∑m β„’ = β„’k + &tidle;β„’, (10.61 ) k=1
where β„’k is of the same form as Equation (10.19View Equation), and &tidle; β„’ is the Lagrangian for the timelike Cartan element, needed in order to satisfy the Hamiltonian constraint. It follows that the associated solutions are
[ ] 1 ak ∘ --- φk(t) = 2-ln E-- cosh Ekt (k = 1,⋅⋅⋅ ,m ), ∘ --k (10.62 ) &tidle;φ(t) = |l2| &tidle;Et.
Furthermore, the resulting structure of the metric depends on the embedding of the A1-algebras into E10, i.e., which level 1-generators we choose to realize the step-operators and hence which Cartan elements that are associated to the φ k’s. Each excited A 1-subalgebra will turn on an electric 3-form that couples to an SM 2-brane and hence the solution for the metric will describe a set of m intersecting SM 2-branes.

As an additional nice example, we mention here the configuration (73,73), also known as the Fano plane, which consists of 7 lines and 7 points (see Figure 52View Image). This configuration is well known for its relation to the octonionic multiplication table [8]. For our purposes, it is interesting because none of the lines in the configuration are parallell. Thus, the algebra dual to the Fano plane is a direct sum of seven A1-algebras and the supergravity solution derived from the sigma model describes a set of seven intersecting SM 2-branes.

View Image

Figure 52: The Fano Plane, (73,73), dual to the Lie algebra A1 ⊕ A1 ⊕ A1 ⊕ A1 ⊕ A1 ⊕ A1 ⊕ A1.

10.3.4 Intersection rules for spacelike branes

For multiple brane solutions, there are rules for how these branes may intersect in order to describe allowed BPS-solutions [6]. These intersection rules also apply to spacelike branes [144] and hence they apply to the solutions considered here. In this section we will show that the intersection rules for multiple S-brane solutions are encoded in the associated geometric configurations [96Jump To The Next Citation Point].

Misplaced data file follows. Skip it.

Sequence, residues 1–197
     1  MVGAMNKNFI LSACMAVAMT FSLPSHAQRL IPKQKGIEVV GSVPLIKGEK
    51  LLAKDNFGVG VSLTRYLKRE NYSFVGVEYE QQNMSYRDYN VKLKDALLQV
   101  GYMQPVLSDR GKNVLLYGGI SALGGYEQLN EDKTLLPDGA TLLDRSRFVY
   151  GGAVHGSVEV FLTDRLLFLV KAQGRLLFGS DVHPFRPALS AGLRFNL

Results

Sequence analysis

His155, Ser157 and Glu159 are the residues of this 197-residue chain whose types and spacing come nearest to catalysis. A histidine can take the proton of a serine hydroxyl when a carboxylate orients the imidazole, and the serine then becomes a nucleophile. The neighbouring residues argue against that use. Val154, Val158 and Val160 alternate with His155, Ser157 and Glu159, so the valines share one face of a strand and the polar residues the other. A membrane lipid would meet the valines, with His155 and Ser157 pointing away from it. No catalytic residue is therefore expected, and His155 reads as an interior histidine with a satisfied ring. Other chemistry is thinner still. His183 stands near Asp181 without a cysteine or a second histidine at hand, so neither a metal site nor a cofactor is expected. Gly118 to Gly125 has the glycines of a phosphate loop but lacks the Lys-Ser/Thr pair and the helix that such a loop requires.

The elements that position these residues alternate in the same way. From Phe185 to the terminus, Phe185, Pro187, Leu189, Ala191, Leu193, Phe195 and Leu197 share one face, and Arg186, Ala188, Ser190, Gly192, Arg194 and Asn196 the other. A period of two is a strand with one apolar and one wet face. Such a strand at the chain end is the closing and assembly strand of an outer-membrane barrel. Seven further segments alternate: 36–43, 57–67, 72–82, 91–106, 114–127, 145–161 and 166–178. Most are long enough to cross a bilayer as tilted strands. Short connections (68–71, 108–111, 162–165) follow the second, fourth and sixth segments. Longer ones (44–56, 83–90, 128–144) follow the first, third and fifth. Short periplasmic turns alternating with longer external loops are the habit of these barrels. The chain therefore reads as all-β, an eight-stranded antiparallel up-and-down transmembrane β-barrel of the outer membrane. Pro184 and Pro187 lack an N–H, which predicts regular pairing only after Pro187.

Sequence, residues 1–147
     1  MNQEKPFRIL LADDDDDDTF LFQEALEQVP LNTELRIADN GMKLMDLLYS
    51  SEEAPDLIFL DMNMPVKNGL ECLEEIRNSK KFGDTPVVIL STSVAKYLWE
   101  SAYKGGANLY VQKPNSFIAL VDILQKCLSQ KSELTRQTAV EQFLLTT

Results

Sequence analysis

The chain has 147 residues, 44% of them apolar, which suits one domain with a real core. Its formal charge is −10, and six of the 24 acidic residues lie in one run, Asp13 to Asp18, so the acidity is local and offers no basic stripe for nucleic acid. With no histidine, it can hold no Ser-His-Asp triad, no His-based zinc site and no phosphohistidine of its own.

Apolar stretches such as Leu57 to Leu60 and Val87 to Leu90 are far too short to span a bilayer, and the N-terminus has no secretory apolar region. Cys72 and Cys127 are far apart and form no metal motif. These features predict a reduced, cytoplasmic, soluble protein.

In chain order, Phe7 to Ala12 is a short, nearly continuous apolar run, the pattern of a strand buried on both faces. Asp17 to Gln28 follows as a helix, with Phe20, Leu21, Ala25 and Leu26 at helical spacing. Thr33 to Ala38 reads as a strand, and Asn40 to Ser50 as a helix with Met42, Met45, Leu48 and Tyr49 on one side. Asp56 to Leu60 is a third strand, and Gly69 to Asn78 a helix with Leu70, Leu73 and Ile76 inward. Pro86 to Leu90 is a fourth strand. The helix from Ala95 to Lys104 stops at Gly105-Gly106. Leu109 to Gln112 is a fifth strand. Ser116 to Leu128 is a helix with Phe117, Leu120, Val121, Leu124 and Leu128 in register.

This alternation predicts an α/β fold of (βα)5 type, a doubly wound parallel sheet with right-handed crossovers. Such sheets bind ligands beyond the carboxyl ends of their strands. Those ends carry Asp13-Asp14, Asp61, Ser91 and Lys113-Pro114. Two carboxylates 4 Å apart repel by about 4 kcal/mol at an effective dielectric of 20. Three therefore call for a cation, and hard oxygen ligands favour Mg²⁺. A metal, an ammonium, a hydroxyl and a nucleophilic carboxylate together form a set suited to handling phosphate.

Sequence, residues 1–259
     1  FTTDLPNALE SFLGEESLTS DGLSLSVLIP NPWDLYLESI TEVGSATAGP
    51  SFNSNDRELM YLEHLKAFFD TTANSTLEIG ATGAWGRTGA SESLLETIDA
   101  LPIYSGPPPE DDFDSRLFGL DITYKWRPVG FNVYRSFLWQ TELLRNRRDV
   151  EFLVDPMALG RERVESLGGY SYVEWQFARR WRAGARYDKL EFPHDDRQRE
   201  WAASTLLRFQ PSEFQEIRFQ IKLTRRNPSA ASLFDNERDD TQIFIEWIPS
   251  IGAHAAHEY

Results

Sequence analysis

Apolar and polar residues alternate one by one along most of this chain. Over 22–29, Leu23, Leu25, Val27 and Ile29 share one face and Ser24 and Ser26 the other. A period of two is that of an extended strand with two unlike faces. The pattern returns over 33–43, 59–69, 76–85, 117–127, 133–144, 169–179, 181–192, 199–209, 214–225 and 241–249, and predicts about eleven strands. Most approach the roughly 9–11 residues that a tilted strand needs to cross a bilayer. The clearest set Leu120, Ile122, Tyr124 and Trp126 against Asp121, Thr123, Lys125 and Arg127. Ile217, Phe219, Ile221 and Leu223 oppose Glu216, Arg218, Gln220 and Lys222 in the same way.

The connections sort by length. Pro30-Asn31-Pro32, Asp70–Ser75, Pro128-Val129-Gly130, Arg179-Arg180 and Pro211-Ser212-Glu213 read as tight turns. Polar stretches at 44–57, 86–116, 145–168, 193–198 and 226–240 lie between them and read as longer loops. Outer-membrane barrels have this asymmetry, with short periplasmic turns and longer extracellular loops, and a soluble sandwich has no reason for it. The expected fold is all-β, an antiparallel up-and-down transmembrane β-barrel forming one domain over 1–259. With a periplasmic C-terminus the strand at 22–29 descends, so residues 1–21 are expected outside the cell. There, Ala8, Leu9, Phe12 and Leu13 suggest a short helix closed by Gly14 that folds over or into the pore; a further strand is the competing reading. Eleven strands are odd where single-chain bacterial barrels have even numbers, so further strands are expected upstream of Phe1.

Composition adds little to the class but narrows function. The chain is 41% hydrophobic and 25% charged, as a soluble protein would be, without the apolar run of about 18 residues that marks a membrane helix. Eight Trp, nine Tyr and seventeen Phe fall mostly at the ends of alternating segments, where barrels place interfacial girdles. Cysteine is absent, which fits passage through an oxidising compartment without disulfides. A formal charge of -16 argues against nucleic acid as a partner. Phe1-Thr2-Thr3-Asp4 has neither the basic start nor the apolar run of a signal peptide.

For two spacelike q-branes, A and B, in M-theory the rules are

(qA + 1)(qB + 1) SM qA ∩ SM qB = ----------------− 1. (10.63 ) 9
So, for example, if we have two SM 2-branes the result is
SM 2 ∩ SM 2 = 0, (10.64 )
which means that they are allowed to intersect on a 0-brane. Note that since we are dealing with spacelike branes, a zero-brane is extended in one spatial direction, so the two SM 2-branes may therefore intersect in one spatial direction only. We see from Equation (10.59View Equation) that these rules are indeed fulfilled for the configuration (62,43).

In [72] it was found in the context of 𝔀+++-algebras that the intersection rules for extremal branes are encoded in orthogonality conditions between the various roots from which the branes arise. This is equivalent to saying that the subalgebras that we excite are commuting, and hence the same result applies to 𝔀++-algebras in the cosmological context39. From this point of view, the intersection rules can also be read off from the geometric configurations in the sense that the configurations encode information about whether or not the algebras commute.

The next case of interest is the Fano plane, (73,73). As mentioned above, this configuration corresponds to the direct sum of 7 commuting A1 algebras and so the gravitational solution describes a set of 7 intersecting SM 2-branes. The intersection rules are guaranteed to be satisfied for the same reason as before.